Broken Banjo review Oct02

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Broken Banjo review

Broken Banjo take the influences of rock and roll, metal, and rhythm and blues, combine them all in a big pot and craft their own unique sound out of it. The result, a sound that’s described as dirty, deafening, thrumming and screaming all at the same time – try working that one out in your head.

I’ve been lucky enough to come across Broken Banjo before and have heard their EP, Bootleg Porn Volume III a few times, each time remarking to anyone within ear shot that I’m not sure how, but they’ve pulled it off. Now though, the band are set with their latest 5 track offering, Bravo 106, and are setting out to once again show the world how to craft music that’s going to make you think and get you moving, whilst at the same time demonstrating that sometimes, a melting pot of influences can indeed lead to something unique, special, and most of all memorable.

Sure enough, as Toms Birthday Song kicks things into being, the blues orientated riffs take over and we’re led into a gravelly melee of sludgy guitars, hard hitting vocals, and funky assed rhythms – this is music for drinking beer and moving along to. Refusing to stick to conventional blues style rock, there’s hint after hint of the influences behind Broken Banjo, from the upbeat vocals through to the hard hitting musicianship, kicking the album off in style and demonstrating their dedication to crafting their unique sound. Refusing to stick to one approach, Raise Your Flag And Make Your Children Dumb marks a slight shift in things, moving more towards a conventional rock approach, almost harking towards grunge in some ways, whilst capturing the essence of the 90’s Brit-rock movement within the sound at the same time – it’s a catchy and clever mix that potentially, holds some serious single potential.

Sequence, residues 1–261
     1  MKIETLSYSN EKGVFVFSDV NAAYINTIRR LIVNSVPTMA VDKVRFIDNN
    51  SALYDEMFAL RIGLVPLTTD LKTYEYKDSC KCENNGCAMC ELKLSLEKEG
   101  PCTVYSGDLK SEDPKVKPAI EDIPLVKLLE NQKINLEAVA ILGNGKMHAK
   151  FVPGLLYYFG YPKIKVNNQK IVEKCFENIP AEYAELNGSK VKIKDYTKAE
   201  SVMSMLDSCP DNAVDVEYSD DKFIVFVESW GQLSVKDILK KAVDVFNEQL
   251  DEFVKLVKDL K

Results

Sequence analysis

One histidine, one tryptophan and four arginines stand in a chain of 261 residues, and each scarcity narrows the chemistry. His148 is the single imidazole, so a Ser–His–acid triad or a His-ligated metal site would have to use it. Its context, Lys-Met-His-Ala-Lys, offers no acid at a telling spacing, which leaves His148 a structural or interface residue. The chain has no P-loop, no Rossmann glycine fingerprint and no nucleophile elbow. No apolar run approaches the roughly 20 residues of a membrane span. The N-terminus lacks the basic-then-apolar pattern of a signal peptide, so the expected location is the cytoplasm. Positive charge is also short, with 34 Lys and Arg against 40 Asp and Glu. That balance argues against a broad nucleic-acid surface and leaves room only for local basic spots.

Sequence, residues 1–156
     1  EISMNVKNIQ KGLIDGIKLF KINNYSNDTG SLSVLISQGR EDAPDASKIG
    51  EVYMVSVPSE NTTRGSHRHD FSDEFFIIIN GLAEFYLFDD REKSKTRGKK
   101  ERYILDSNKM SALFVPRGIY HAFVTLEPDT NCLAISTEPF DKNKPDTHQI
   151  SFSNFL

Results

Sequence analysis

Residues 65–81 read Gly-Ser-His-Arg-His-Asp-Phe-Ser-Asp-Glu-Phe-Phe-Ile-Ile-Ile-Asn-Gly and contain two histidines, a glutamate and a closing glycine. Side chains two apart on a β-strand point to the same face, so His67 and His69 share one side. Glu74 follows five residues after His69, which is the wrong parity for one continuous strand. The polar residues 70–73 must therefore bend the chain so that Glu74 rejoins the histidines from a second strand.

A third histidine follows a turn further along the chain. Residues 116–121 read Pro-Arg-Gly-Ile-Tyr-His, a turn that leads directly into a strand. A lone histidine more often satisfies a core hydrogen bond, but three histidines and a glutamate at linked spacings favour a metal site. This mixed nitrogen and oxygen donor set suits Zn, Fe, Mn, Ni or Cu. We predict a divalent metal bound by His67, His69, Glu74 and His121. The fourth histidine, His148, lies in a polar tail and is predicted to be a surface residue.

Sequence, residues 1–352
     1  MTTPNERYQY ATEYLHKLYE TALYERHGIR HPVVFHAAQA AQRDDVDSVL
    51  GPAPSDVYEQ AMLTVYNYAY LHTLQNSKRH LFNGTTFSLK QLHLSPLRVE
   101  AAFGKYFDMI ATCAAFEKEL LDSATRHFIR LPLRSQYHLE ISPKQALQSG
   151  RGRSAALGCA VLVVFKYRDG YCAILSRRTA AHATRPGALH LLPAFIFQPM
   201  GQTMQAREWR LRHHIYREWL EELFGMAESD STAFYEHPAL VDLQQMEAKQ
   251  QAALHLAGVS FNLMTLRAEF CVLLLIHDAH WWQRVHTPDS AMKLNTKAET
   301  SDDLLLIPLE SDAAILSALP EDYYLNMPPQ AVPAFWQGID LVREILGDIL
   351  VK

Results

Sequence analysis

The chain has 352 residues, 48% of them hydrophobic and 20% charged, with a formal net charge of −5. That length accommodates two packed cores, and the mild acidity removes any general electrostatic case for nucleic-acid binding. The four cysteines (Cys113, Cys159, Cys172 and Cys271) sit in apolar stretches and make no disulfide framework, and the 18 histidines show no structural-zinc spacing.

Returning to their sludgy and blues orientated roots for African Child, Broken Banjo take another turn on their route, this time offering up a White Stripes style melee of raucous vocal lines, subtle guitar work and hammering rhythms. It’s when Regretamine And The Horse comes about though that once again, those bluesy tones take over and we’re propelled back into the signature sound of the guys. Deep and powerful from the word go, there’s a sense of provenance within the music that allows you to believe that what you’re hearing is real, it’s meaningful, and right now all that matters are the bass heavy tones on offer. In my humble opinion, it’s this moment that is the key moment on this EP, a track which stands out as not only accomplished, but also one which captures what Broken Banjo are all about, it’s like a musical definition. Finishing (well….apart from the secret track) on another bluesy note for Black Helldog With Boners Track the EP closes as it began, leaving you safe in the knowledge that proper blues rock is still in good hands, and Broken Banjo are leading the way.

With Rhythm and Blues meaning something completely different in the modern world of music, it’s refreshing to hear a band taking influence from the greats of the blues world and doing those influences justice. Broken Banjo refuse to accept convention or follow the rules, and that could well be what makes this EP so damned exciting to hear.

Rating: 9/10

Words: Dave Nicholls